What is Truth? Part I
The title of this essay has been pondered by every thinking person since the dawn of time. It has led, for example, to the idea that there is a universal truth, or one truth that is consistent throughout the universe. The idea is that once a person discovers universal truth or THE Truth, instant enlightenment is attained.
Perhaps there is one universal truth, but if so, I don't know what it is. My investigations into myself and the universe, my observation of others, and my living of life with all its attendant experiences have shown me that the search for One Truth is futile. I have found that after decades of searching, my search for truth is best experienced on a personal, practical basis.
The idea that if one discovered the One Truth, one would attain enlightenment has within it, however, a nugget, a seed which can be applied positively to life. If one achieves enlightenment, this must feel very good, I would think. So Truth then, whether universal or personal, must be something that feels good. The problem is, is there one thing, or idea, that feels good to everyone? Maybe, but identifying this would be very difficult. If you ask 10 people about an event they saw, inevitably there will be 10 different descriptions. That is because a physical being necessarily occupies a unique point in space/time. The physical experience is guaranteed to generate unique points of view on all things!
This leads me to think that each person has their own, personal, truth. I think we are on safe ground if we describe Truth as personal to each individual, since people can't seem to agree, throughout history, on one Universal Truth. So let's say that Universal Truth, if it exists, is not definable in a way that will make everyone happy. Let's also say that Truth, personal or universal, must be something that feels good to you.
I think we are on solid ground here, because I have observed that the basic reason why anyone does anything, is because it feels good to do it. Of course there are negative people who seem to concentrate on beating themselves up, in making themselves feel as miserable as possible. But if you do a little probing you will find beneath all of that, lie uninspected beliefs or ideas. Once a person is aware of these unidentified beliefs, they blow off and the person feels much better, and the irrational conduct is lessened or goes away.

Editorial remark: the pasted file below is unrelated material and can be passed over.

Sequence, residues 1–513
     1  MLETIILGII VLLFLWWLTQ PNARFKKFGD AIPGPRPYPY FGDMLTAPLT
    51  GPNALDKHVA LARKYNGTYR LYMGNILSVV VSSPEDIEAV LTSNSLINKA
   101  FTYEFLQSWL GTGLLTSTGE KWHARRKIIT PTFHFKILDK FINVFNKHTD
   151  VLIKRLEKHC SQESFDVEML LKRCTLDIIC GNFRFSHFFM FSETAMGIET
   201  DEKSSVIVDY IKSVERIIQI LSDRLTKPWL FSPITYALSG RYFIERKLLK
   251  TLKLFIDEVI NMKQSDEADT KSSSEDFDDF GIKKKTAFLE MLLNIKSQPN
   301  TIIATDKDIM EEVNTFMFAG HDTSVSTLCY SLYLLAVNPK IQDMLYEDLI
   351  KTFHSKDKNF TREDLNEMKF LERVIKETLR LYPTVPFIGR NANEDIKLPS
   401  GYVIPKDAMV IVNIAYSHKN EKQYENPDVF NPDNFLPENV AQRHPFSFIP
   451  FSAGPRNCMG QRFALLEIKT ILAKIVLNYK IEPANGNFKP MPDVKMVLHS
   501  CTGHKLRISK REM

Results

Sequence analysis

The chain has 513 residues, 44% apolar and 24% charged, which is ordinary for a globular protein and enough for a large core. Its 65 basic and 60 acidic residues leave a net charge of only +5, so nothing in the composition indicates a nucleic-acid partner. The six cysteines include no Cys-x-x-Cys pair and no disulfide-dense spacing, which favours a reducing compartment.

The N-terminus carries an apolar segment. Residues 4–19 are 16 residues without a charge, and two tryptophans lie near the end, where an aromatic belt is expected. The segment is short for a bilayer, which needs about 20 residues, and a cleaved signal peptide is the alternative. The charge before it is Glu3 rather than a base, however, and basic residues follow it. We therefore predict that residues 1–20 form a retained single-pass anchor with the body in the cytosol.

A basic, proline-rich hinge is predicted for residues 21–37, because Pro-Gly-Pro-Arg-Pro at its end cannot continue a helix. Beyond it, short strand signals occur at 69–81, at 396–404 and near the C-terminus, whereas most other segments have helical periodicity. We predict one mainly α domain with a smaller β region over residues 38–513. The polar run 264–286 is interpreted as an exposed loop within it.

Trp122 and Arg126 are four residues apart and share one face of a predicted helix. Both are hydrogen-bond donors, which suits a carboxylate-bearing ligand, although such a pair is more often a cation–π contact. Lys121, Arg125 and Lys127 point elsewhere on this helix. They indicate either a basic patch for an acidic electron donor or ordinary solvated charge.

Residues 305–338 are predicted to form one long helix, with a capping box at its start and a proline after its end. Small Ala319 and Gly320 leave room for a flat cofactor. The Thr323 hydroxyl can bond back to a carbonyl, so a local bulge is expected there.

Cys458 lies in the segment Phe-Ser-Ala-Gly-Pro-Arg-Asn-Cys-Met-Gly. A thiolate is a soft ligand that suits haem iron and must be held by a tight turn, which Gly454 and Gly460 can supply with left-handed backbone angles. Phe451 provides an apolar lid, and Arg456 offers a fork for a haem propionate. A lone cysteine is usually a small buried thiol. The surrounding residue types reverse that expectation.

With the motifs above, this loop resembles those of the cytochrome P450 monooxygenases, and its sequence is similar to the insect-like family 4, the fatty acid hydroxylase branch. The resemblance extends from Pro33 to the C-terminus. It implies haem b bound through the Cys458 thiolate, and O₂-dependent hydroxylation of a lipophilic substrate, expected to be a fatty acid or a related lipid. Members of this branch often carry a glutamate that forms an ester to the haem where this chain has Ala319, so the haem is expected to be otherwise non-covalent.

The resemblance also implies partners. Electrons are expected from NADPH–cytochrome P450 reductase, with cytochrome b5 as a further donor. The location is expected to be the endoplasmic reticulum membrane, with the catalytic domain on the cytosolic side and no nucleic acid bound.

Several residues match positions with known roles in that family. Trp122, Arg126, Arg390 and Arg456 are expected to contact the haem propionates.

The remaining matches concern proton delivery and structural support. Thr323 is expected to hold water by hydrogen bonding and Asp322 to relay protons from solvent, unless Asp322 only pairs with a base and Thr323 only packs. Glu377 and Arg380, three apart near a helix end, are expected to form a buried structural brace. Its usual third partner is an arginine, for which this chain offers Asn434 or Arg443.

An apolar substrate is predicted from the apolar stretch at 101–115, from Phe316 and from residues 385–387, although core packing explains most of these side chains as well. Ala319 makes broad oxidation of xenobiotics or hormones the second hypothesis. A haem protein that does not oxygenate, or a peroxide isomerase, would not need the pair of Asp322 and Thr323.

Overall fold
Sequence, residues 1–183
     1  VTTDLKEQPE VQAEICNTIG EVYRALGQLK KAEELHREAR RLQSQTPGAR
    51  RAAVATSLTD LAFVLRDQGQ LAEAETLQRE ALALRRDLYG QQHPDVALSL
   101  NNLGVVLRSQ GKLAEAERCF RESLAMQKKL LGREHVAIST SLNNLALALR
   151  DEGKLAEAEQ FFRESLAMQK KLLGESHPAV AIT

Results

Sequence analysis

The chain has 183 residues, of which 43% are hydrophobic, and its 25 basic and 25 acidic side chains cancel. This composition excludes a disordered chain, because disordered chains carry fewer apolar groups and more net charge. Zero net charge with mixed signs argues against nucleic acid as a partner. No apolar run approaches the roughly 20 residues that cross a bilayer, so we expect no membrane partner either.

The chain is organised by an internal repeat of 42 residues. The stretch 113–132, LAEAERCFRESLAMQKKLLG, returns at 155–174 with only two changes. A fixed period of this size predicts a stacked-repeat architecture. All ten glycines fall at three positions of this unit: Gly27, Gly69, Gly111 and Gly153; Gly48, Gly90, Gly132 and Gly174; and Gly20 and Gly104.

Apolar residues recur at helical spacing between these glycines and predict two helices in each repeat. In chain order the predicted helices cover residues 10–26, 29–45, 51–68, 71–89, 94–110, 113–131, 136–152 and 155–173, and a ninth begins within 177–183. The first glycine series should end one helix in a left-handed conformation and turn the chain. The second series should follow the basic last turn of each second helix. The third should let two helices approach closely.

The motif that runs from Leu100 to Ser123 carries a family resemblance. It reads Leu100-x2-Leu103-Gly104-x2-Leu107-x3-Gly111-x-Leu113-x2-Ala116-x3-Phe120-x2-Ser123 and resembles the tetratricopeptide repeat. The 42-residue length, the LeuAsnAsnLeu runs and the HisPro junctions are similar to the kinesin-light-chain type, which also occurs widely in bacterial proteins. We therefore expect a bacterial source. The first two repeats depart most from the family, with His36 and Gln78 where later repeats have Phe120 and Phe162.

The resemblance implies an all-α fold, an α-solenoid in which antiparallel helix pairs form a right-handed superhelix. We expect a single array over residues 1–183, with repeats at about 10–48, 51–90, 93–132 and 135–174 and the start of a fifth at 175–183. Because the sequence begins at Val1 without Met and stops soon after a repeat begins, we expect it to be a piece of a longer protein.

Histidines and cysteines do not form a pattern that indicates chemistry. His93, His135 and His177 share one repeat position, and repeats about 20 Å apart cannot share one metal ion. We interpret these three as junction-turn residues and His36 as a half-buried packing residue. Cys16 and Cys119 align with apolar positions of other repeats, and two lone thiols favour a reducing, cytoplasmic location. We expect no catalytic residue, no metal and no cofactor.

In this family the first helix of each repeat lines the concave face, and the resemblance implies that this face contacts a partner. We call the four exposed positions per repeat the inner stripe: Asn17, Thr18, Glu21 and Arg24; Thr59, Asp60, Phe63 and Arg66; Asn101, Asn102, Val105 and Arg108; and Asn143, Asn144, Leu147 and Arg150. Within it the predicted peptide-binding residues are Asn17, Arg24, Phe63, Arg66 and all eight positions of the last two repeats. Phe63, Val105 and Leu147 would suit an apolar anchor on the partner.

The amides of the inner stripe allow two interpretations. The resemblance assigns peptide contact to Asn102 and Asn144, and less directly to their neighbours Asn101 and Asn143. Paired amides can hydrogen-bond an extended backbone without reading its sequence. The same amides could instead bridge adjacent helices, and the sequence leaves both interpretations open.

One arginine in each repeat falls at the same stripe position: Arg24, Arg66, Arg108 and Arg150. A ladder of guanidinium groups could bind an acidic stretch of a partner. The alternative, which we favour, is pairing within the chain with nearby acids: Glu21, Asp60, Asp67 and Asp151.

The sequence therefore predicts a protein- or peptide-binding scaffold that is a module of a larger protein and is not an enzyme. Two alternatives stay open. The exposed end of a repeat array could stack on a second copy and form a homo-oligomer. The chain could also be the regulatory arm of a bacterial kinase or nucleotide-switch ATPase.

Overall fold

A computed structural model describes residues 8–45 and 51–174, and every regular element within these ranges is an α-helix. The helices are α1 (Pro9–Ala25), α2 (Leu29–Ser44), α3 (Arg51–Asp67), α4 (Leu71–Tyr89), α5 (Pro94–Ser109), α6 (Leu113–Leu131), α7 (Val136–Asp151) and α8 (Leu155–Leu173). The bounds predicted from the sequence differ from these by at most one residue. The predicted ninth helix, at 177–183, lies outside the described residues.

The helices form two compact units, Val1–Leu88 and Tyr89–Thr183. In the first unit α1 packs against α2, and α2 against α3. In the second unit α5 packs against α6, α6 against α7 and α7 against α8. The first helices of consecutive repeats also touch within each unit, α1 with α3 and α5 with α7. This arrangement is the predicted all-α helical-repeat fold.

I have noticed that persons who feel good act more rationally than those who do not. The criminal, the neurotic, the insane, are always unhappy people. (Unhappy can be defined in this way between apathy and antagonism on the scale of emotion/vibration). Therefore truth (and rationality) must have something to do with feeling good. There must be a direct connection between rationality and feeling. This means there is a direct connection between logic and feeling. A logician would laugh at this idea. Logic is defined as purely mental, totally divorced from feeling. But I wonder why the logician delves into logic? I think if the logician were being really truthful, he would have to admit he studies logic because it feels good to him. Ultimately, it is not logic or rationality that is the reason for living, but feeling.
How to apply this idea to everyday life?
Say you know you are going to be laid-off from your present place of employment. You have two job offers, and another choice to be self-employed. One of the job offers, at a large corporation, comes with a 50% increase in salary, but you dont like the company. The other job offer is with a small company, and the environment is attractive, but comes with a 40% cut in pay. The other opportunity is to join a group of friends who are starting their own company and want you to join. The risk is enormous because the business might fail, but the upside is also tremendous. After two weeks of intensive thought, weighing the pros and cons, you still can't make up your mind. You are in an agony of indecision. Logic will not work for you in this situation, because the future is not predictable! We have all made decisions based upon logic alone, only to see the future yield a result which was totally unpredictable.
If you apply the idea of personal truth to this situation, you choose the one that makes you feel better.
The truth is always that which makes you feel the best, regardless of the 'facts.'
This may seem, itself, to be an irrational suggestion. If all of the facts, say, point to the job with the pay increase, then that's the logical and best choice. But what if you feel your gut tightening at the idea? That crummy feeling is your internal guidance system giving you a warning.
The truth always feels better, because the truth is a connection to your true self. Sometimes we lose that connection in our daily grind, and when we do, stress, anxiety and a general sense of the lack of well-being pervades our experiences.
So we summarize our conclusions by saying: Personal Truth are those thoughts and actions which lead to a feeling of well-being.
That's pretty simple, and it can be applied on a practical basis to everyday life. Esoteric philosophy, metaphysics, advanced mathematics, abstruse logic, etc. are all roads to personal enlightenment, but are not applicable to the everyday person. But even the genius can apply this simple, powerful concept of personal truth.